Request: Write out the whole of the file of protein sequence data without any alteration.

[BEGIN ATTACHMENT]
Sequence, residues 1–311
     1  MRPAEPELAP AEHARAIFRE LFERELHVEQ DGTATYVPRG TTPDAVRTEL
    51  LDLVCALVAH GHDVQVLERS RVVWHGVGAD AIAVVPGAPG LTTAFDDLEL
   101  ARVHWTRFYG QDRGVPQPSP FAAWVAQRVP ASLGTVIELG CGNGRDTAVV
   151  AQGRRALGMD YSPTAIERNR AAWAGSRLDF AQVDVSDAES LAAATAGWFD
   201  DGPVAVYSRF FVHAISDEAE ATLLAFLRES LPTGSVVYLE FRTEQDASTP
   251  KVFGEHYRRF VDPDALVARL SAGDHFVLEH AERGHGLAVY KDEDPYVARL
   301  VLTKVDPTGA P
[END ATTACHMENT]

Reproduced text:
Sequence, residues 1–311
     1  MRPAEPELAP AEHARAIFRE LFERELHVEQ DGTATYVPRG TTPDAVRTEL
    51  LDLVCALVAH GHDVQVLERS RVVWHGVGAD AIAVVPGAPG LTTAFDDLEL
   101  ARVHWTRFYG QDRGVPQPSP FAAWVAQRVP ASLGTVIELG CGNGRDTAVV
   151  AQGRRALGMD YSPTAIERNR AAWAGSRLDF AQVDVSDAES LAAATAGWFD
   201  DGPVAVYSRF FVHAISDEAE ATLLAFLRES LPTGSVVYLE FRTEQDASTP
   251  KVFGEHYRRF VDPDALVARL SAGDHFVLEH AERGHGLAVY KDEDPYVARL
   301  VLTKVDPTGA P